Oil Steadies, but U.S. Crude Close to Worst Week in 2 Months By Investing.com

© Reuters.

By Barani Krishnan

Investing.com – Between John Bolton and OPEC, oil bulls just can’t seem to catch the break they want.

Those long WTI and got a slight reprieve Friday as oil prices steadied from their recent pounding. But the benchmark crude contracts were still headed for sharp weekly losses on worries that the fall of former U.S. National Security Advisor Bolton would mean the return of Iranian oil to the market. OPEC’s caution of weak demand for its oil also weighed.

, the U.S. benchmark blend, was up 4 cents, or 0.1%, at $55.13 per barrel by 1:15 PM ET (17:15 GMT).

, the international benchmark blend, rose by 7 cents, or 0.1%, to $60.45 per barrel.

For the week, WTI was down nearly 2.5%, its sharpest slide since the week ended July 14. showed a 1.8% drop on the week, its most in the five weeks since August 4.

Brokerage TD Securities noted that while there was a more positive tone to oil on Friday “on the CTA front, WTI buying … remains on thin ice with $54/bbl serving as key selling levels”.

Phil Flynn, a well-known oil bull and analyst with the Price Futures Group in Chicago, said the best way for the global oil market to handle the potential return of Iranian oil supply was to cut a deal with China.

“Despite all the talk of slowing demand growth, the reality is crude is in tight supply. U.S. oil supply is now 4% below the five-year average and in Europe and globally, supplies are falling as well,” Flynn wrote in his daily report.

“A U.S./China trade deal would put the market in a deficit. China already is responding positively by removing tariffs on soybeans and pork,” he added.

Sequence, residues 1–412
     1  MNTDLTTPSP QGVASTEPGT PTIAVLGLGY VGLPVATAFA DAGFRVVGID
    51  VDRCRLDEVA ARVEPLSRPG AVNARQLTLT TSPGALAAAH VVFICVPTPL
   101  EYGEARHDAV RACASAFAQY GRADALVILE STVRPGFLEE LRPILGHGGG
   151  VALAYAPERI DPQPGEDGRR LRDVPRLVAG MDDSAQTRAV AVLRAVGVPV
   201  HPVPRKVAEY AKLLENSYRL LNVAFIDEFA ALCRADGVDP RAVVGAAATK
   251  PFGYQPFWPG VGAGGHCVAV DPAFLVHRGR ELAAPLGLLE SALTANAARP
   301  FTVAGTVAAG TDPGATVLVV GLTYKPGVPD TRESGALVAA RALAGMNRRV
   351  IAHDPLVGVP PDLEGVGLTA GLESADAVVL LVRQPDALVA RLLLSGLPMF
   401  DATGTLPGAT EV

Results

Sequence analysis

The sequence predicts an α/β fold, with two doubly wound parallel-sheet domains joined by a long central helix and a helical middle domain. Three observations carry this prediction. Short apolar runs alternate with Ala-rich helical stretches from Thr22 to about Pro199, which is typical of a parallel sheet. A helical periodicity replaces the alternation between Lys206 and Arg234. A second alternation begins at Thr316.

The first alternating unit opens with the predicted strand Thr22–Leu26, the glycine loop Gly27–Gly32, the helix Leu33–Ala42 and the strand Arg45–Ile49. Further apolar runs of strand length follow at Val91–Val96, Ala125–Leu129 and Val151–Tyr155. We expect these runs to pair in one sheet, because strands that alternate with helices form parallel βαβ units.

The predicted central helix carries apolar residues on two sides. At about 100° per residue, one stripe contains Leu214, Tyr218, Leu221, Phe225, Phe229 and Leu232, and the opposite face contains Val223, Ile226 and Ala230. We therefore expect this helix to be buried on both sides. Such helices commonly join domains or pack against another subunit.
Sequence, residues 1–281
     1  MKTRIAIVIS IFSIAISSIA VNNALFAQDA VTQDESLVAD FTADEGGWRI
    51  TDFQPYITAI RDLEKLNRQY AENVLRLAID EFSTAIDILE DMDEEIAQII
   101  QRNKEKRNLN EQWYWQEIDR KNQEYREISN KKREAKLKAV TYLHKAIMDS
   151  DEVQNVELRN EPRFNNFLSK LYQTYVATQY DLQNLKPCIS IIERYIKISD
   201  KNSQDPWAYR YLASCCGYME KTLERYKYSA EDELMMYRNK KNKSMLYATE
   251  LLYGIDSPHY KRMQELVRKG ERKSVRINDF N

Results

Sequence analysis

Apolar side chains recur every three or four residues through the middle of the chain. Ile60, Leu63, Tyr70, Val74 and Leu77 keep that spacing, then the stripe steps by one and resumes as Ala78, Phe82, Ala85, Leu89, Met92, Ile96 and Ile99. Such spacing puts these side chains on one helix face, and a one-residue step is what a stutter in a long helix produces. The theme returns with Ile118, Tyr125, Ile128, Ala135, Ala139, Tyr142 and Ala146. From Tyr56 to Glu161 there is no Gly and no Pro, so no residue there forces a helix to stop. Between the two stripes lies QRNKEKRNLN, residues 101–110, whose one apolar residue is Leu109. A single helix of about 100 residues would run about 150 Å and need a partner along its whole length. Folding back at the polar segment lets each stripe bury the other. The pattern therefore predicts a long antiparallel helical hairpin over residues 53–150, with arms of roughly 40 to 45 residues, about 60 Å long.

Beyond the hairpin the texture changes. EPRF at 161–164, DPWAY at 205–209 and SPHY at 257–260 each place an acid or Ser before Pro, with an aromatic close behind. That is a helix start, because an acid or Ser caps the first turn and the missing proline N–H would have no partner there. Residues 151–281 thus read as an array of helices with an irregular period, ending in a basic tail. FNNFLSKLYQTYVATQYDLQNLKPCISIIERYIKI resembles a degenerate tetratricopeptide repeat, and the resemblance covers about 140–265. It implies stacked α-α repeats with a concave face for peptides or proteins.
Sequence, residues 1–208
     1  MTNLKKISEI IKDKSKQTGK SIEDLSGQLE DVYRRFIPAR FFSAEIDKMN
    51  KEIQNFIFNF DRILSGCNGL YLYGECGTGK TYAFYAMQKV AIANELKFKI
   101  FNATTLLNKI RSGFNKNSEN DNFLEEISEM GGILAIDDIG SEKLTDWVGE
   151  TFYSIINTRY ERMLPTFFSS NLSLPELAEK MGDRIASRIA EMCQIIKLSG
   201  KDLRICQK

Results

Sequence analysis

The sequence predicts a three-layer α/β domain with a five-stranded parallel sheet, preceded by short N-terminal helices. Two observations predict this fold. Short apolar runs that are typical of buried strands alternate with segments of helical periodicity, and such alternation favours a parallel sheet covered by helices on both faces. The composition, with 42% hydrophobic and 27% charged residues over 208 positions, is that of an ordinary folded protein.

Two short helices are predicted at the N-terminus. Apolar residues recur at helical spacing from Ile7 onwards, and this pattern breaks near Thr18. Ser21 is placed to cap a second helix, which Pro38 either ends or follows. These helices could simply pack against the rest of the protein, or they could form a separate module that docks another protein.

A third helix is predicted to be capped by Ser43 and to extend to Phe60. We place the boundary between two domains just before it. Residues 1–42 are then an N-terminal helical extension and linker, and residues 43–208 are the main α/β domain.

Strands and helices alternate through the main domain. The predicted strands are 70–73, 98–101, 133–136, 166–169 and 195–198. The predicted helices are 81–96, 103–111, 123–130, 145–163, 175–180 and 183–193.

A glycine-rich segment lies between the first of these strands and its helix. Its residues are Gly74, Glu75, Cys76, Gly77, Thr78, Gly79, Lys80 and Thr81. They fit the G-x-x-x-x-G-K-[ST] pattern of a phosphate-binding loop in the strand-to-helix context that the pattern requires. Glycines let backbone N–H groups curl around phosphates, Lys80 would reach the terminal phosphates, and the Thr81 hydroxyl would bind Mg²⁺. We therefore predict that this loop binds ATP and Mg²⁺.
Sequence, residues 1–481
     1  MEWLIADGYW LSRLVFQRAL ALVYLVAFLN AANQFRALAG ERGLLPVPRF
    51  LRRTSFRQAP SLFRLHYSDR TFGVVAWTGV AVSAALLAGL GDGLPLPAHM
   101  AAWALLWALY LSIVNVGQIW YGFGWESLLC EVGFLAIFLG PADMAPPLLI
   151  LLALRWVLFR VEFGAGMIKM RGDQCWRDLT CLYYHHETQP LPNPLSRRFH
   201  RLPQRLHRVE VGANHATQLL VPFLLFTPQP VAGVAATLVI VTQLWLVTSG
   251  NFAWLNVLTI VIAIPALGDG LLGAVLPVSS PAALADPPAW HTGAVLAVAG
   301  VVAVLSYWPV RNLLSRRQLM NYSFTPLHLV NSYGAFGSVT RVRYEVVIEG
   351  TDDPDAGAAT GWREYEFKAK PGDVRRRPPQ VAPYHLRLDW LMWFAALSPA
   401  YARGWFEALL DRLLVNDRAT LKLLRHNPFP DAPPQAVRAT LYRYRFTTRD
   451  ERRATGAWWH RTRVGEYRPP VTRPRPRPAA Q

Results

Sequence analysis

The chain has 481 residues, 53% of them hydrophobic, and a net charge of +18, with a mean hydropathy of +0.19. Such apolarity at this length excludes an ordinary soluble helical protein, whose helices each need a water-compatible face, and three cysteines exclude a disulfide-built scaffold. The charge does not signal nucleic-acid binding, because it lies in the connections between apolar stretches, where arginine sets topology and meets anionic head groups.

The White House has banned global trade of Iranian oil since November. Prior to the sanctions, Iranian oil exports peaked at about 2.8 million bpd in April 2018. Should the embargo be lifted, an additional 1 million barrels bpd — much of them in bonded storage in China or floating offshore — could end up on the global market quickly.

News reports in recent days suggested that Bolton exited after President Donald Trump wanted to relax sanctions on Iran in order to work out a new nuclear deal that would allow the Islamic Republic to export its oil again in return for not developing atomic weapons.

The selloff in oil accelerated on Wednesday after French President Emmanuel Macron reportedly spoke on the phone with his Iranian counterpart Hassan Rouhani to discuss a nuclear deal to take to Trump. Macron has been acting as a go-between with Iran and the U.S.

With Rouhani due to attend the U.N. general assembly in New York beginning Sept. 25, speculation is rife that Trump wants to set up a meeting with him. Rouhani has said he wouldn’t agree to any talks until sanctions were removed and Trump has suggested he’s open to that.

OPEC, meanwhile, is trying to force its members, Iran one of them, to keep to a daily production cut of 1.2 million barrels.

In its monthly report on Wednesday, the cartel forecast that demand for its own crude will average 29.4 million barrels per day in 2020, down 1.2 million bpd from this year. has become the No. 1 export competitor to OPEC oil this year, shipping a steady 3 million bpd or so in recent weeks.

OPEC aside, the Paris-based International Energy Agency also warned of a global oil glut on Thursday, saying risk premiums and supply threats were significantly cut as tensions in the Middle East Gulf have eased and oil industry operations appeared to be normalizing.

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